Public Relations Blog

The Not-so-Sexy Side of Book Publishing

books as products

People think what I do is glamorous and super cool – publishing.  When I was a recruiter we used to use “Publishing” as a headline to attract talent for our open positions that were basically secretarial jobs or filing clerks. There used to be editors and publishers who were almost like celebrities in the New York scene.  Books were launched with parties at trendy venues, lucrative deals were made at Book Expo, and everyone was looking to discover the next Salinger, Hemingway, Roth, Asimov, Morisson, Kerouac, or any other writer you admire.  Sounds like fun, right?

What I’ve said so far is what the audience sees.  Most people in the industry don’t expose the magic by showing you what happens backstage.  It’s not all that interesting, but these things must be done to publish professionally and competitively.

In the indie publishing world, I see repeats of wasted opportunities and misinformation about how things work that can be cleared up by remembering a few details and rules.  As a publicist, and, now, a publisher, I’m going to wear both of my hats and dish the dirt on what you need to know.

Publishing Tips

  1. Format: Proper formatting is a very basic aspect of putting a book together.  When I was an editorial assistant we called it front and back matter.  I don’t know if that’s what the managing editors are calling it these days, but it still works for me.  These are the pages at the front of the printed book including a title page; copyright page; dedication; acknowledgments; author’s note; and predetermined blank pages.   The title page and copyright page are mandatory, while the others will or won’t be added depending on the author.  My advice is to look at books from traditional publishers to see what they are doing with their pages and copy the format.
  2. Identification: There are identifiers your book needs.  Without them, it doesn’t exist in the market and can’t be sold.  They are ISBNs, bar codes, and a Library of Congress number.  Most everyone seems to know how to get the first two, but the latter is still often missing.  I was taught that it is necessary, especially if you want libraries to find, recognize, and shelve your title.  Check out this site for information on how to get your number(s).
  3. Accessibility: If you choose to publish exclusively with Kindle Direct, independent bookstores, and probably the chain stores as well will not know about your book, nor will they want to stock it.  When you sign up with Amazon’s publisher only, your sales channels are those that Amazon covers.  To have your book recognized in the trade market, you need to upload it with a national wholesaler such as Ingram, which is now the only wholesaler that distributes to independent stores.  You can also try to solicit wholesale orders through your website, but that still won’t give you the credibility you need with the trade market.  I recommend doing all of the above.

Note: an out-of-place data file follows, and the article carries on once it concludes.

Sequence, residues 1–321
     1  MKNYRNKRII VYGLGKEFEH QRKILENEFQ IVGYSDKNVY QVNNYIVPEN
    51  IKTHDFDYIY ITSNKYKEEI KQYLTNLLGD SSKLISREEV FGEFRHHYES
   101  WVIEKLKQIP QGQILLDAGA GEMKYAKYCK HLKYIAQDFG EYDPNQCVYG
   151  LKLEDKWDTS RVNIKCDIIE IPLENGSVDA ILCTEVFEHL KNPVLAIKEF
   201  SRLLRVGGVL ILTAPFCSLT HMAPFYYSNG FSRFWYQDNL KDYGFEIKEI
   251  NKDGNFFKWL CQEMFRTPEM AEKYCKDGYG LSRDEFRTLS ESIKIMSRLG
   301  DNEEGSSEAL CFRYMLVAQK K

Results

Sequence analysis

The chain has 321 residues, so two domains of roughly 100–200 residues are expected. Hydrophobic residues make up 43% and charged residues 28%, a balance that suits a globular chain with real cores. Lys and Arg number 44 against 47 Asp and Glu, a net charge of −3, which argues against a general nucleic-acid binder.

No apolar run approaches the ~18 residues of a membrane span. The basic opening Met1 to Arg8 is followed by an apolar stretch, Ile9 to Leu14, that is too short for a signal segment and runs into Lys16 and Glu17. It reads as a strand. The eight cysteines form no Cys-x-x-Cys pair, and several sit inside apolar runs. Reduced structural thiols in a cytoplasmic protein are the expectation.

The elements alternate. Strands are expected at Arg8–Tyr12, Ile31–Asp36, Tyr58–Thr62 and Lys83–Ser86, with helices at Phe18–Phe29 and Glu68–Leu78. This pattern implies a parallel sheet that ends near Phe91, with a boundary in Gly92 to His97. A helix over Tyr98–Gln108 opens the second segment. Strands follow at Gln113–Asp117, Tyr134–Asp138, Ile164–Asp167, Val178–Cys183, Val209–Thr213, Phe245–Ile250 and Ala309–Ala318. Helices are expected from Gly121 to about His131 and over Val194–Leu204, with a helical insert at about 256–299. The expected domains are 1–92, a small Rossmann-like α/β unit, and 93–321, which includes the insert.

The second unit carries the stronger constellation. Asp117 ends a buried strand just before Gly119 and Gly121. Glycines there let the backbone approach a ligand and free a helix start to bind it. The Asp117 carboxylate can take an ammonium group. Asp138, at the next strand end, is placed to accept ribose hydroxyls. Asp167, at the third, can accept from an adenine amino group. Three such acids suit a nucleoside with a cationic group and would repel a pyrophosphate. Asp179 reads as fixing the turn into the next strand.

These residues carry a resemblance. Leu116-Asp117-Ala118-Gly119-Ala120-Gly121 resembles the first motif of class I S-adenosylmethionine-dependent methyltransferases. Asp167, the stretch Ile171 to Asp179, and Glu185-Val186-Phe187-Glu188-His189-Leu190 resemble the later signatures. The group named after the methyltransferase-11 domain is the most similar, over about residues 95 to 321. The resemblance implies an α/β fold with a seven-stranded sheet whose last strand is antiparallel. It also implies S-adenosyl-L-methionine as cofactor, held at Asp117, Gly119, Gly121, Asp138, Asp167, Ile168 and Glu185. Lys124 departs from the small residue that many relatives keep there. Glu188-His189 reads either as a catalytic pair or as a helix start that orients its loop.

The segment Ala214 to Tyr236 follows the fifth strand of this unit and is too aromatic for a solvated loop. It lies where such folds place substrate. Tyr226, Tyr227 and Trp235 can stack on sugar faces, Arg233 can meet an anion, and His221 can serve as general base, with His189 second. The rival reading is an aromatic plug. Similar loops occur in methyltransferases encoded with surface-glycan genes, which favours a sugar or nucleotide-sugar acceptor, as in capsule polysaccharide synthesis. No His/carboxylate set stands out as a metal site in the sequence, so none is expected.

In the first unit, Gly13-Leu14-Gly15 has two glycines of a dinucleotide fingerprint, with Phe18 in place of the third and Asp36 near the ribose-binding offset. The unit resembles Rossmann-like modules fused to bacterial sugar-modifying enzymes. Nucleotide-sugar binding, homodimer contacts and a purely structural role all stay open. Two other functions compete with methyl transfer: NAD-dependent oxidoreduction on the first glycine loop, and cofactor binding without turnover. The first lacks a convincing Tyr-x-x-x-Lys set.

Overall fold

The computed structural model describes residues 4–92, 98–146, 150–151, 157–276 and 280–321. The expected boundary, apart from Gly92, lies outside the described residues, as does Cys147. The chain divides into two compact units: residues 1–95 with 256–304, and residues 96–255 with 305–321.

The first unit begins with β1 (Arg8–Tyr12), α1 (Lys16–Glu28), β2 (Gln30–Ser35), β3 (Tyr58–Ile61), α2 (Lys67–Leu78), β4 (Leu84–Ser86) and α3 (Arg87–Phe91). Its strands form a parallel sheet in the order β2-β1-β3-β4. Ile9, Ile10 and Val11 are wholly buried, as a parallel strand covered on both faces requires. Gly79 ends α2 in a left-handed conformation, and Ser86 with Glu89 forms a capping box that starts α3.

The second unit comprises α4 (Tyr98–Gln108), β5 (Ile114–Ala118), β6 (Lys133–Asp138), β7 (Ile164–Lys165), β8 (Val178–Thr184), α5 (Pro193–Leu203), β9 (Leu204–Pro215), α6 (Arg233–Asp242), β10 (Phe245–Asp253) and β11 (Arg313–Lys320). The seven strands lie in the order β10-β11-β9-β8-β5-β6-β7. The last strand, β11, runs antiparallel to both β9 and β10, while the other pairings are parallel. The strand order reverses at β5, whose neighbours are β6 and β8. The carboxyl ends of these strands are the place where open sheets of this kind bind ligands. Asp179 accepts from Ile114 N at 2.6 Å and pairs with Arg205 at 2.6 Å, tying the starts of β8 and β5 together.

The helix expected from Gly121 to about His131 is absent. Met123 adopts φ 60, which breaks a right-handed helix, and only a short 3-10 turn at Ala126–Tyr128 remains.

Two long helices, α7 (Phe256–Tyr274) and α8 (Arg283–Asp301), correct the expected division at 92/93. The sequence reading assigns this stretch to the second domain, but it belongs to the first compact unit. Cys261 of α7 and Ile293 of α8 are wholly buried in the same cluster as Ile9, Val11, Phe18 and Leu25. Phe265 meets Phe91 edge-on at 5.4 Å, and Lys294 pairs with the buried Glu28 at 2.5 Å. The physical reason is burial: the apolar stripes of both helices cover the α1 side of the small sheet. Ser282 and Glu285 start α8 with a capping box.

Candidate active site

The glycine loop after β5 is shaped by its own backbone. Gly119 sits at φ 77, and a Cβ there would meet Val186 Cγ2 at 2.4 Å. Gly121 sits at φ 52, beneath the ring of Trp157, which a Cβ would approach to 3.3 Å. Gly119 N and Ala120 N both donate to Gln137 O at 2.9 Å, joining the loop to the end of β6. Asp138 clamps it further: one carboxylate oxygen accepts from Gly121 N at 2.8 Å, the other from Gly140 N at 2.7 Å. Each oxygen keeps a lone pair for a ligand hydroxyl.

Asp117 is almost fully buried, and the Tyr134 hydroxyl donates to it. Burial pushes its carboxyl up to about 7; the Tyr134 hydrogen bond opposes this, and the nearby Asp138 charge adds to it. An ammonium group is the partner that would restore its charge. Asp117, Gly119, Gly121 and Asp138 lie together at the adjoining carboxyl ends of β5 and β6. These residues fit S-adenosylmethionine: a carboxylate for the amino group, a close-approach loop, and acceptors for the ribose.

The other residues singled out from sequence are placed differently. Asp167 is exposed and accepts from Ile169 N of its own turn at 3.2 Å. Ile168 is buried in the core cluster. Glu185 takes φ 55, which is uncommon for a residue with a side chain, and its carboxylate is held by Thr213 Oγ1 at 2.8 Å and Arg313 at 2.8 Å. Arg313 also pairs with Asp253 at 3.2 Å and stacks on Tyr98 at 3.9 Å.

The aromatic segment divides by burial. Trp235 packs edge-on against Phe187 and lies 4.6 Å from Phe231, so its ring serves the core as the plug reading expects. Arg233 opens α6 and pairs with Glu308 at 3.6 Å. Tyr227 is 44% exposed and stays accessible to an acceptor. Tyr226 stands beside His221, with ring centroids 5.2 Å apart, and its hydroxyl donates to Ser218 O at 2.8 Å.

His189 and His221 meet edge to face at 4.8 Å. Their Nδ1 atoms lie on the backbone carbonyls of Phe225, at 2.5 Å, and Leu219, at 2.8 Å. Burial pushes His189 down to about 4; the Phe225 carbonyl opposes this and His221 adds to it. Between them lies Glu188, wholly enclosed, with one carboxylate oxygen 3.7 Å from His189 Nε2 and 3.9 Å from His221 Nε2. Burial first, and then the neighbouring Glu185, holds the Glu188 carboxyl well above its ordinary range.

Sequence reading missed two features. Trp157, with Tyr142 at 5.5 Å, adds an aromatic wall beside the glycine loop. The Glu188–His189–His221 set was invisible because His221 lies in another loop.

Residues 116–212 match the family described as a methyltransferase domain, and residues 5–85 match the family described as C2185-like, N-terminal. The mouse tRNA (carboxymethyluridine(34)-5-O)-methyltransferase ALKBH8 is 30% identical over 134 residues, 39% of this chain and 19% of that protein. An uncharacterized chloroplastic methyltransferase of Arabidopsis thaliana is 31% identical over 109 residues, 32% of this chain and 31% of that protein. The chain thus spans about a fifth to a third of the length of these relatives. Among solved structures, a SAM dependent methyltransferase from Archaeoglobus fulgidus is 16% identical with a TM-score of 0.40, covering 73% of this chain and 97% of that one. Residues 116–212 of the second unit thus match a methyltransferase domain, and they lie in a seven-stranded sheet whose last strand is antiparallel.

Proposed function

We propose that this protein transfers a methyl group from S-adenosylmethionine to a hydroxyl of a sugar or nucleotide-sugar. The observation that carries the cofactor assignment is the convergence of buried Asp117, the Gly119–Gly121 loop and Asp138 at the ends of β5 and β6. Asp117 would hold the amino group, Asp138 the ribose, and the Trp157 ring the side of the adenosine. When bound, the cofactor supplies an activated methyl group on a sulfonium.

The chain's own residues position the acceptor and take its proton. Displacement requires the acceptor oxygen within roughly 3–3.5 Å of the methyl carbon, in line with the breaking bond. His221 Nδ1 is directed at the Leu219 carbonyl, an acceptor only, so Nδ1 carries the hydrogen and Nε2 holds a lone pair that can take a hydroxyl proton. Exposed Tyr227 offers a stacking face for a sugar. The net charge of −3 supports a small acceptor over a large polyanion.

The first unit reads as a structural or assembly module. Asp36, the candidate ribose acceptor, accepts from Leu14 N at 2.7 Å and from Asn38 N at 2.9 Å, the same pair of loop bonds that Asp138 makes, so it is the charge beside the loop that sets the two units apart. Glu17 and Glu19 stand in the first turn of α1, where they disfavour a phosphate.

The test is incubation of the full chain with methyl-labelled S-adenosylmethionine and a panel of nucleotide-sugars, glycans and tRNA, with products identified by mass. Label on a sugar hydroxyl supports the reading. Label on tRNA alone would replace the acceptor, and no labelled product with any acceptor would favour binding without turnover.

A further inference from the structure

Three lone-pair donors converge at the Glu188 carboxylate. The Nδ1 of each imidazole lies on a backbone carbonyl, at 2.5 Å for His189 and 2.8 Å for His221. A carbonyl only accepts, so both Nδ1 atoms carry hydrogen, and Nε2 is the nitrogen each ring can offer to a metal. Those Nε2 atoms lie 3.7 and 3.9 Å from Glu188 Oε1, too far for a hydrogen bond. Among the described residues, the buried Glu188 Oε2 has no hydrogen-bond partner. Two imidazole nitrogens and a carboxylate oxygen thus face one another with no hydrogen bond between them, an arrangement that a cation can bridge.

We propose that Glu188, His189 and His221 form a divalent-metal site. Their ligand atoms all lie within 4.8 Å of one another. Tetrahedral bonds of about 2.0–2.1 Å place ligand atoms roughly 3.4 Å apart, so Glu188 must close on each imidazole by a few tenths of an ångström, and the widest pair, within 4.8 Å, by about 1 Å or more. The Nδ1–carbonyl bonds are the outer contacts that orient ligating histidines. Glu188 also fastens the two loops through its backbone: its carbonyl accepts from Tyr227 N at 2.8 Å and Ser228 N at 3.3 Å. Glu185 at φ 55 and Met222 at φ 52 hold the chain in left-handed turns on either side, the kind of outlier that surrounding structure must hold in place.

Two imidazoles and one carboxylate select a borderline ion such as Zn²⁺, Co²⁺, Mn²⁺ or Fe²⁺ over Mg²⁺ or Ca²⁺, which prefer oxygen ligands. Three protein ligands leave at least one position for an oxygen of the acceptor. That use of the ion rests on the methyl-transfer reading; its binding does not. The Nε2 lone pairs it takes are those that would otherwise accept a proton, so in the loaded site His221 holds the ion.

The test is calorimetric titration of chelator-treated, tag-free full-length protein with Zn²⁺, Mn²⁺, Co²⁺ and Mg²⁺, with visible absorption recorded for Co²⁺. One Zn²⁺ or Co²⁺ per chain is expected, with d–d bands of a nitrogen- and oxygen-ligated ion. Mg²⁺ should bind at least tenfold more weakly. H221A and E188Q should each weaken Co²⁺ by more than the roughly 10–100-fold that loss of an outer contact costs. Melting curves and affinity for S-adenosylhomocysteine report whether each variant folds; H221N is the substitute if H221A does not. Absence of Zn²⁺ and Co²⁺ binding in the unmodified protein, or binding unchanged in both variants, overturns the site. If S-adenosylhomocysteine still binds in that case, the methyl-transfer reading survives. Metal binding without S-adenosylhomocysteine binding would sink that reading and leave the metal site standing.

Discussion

4. Credibility: Bookstores and publications will look to see if your book is listed in Ingram’s database.  I’ve had conversations with editors at publications who will look up the book and if they don’t see it in Ingram they won’t cover it.  Why?  Because some bad apples in the indie publishing world convinced these people to review books that never made it to publication.  The quote I’ve heard is, “I’ve been burned before”.

Book Marketing and Publicity

Regarding promoting a book, there are two major issues I keep coming across.

  1. You have to consider timing.  I won’t belabor the point here because I’ve said it many times before.  If you have written a novel or memoir, you will need three to five months ahead of your publication date to send out review copies and allow for publications and bloggers to read and schedule reviews of your book.  For a prescriptive non-fiction title that has “news you can use” there is a bit more flexibility, especially if it is tied into your career or field of expertise.
  2. Printed review copies are necessary.  In indie publishing, we often use the finished book as a review copy and have it stickered or printed in a way that indicates it is a preliminary version.  The publication date is printed on the book or sticker so that it is clear when it will be for sale.  You can register with Net Galley, offer a watermarked pdf, -mobi file or ebook, but 90% of the reviewing public wants a hard copy.  I know it’s an added expense but you will be better off in the long term doing it the correct way.

For more resources and information I recommend the Independent Book Publishers Association website.  It’s not that expensive for a membership, which will give you full access.  Also, I suggest visiting Jane Friedman’s website.  She is a veteran in the industry, a professor, editor, and a published writer.

“Good friends, good books, and a sleepy conscience: this is the ideal life.”
― Mark Twain

 

 

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